From the field: Collecting insects in mangroves

I started my PhD in Evolutionary Biology Laboratory at National University of Singapore. Our lab’s primary interest is in the Sepsidae family (a.k.a black scavenger flies) which has more than 300 described species. The main reasons for studying these organisms are that many species possess fascinating morphological and behavioural characters, can be easily bred under laboratory conditions, and have short development times. In our lab, the evolution of sexual dimorphisms and mating behavior of flies are intensively studied [1].
In order to do basic science on insects, there is a need for continuous species input from both inside and outside of Singapore. For instance, one of my colleagues just got back from a field trip in Africa, where he collected several fly specimens. There are various methods for collecting insects. When I was a field research assistant in wetland restoration project at KuzeyDoga Society in Kars, we used home-made sticky traps [2].
Bilge nin
Sticky traps are useful for monitoring an area for crawling insects 24/7, however their best use is to collect large-sized beetles. Thus, they are not very good when it comes to detecting small insects or mite pests. You can see an example to sticky traps in the picture above.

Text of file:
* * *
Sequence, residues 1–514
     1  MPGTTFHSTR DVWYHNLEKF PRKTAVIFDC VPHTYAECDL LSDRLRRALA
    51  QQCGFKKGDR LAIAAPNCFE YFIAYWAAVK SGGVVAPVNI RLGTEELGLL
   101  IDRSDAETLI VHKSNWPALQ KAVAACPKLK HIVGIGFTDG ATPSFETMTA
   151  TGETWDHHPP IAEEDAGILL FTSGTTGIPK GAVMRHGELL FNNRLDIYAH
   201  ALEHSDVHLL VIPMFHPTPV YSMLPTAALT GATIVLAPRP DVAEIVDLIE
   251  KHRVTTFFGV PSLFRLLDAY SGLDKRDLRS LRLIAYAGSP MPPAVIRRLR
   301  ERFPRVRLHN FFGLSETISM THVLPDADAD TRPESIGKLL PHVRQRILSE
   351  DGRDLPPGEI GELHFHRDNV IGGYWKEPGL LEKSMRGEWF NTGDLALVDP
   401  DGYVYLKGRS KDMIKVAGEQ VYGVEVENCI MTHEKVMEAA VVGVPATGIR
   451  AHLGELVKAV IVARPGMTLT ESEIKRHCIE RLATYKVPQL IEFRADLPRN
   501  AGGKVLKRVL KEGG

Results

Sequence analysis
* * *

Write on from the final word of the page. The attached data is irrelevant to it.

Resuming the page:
For the current fieldwork, our insectory lab is using the Malaise trap, named after its inventor René Malaise. This large, tent-like structure can have various colors and is used for trapping flying insects, in particular Hymenoptera and Diptera [3]. As I explained in the video below, the insects fly into the tent wall and are funnelled into a collecting vessel attached to highest point, which then are directed into a cyclinder or a bottle containing a killing agent, such as ethanol or cyanide.
The orientation of the traps is very important. The opening of the trap should be wide enough for allowing high number of insects to pass through. For instance, if there is a wide corridor in a forest, the trap should be positioned with its opening to the corridor. Upper sections of small streams or the edges of forests are some other examples to ideal trap locations. Our field work was in mangrove forests, which are the characteristic forest ecosystems of tropical and subtropical intertidal regions.
Given that the mangroves consist of several habitats such as salty branches and entangled roots, they are teeming with life, respectively. The mangrove biome is characterized by depositional coastal environments with species adopted to harsh environment conditions such as extreme salinity, temperature and high tides. Mangroves dominate three-quarters of tropical coastlines [4].
In the following video that is recorded by my colleague Gowri, you can see a tiny bit of mangrove forests and my effort to reach the malaise trap located in this muddy environment. Enjoy!
Special thanks to Gowri Rajaratnam and Evolutionary Biology Lab.
1- Evolutionary Biology Laboratory, National University of Singapore:
2- KuzeyDoga Society:
3- Gressit, J.L ve Gressit, M.K. (1962). An improved Malaise Trap. Pasific Insects 4 (1). 87-90.
4- Giri, C., Ochieng, E., Tieszen, L.L., v.d. (2011). Status and distribution of mangrove forests of the world using earth
observation satellite data. Glob. Ecol. Biogeogr. 20, 154-159

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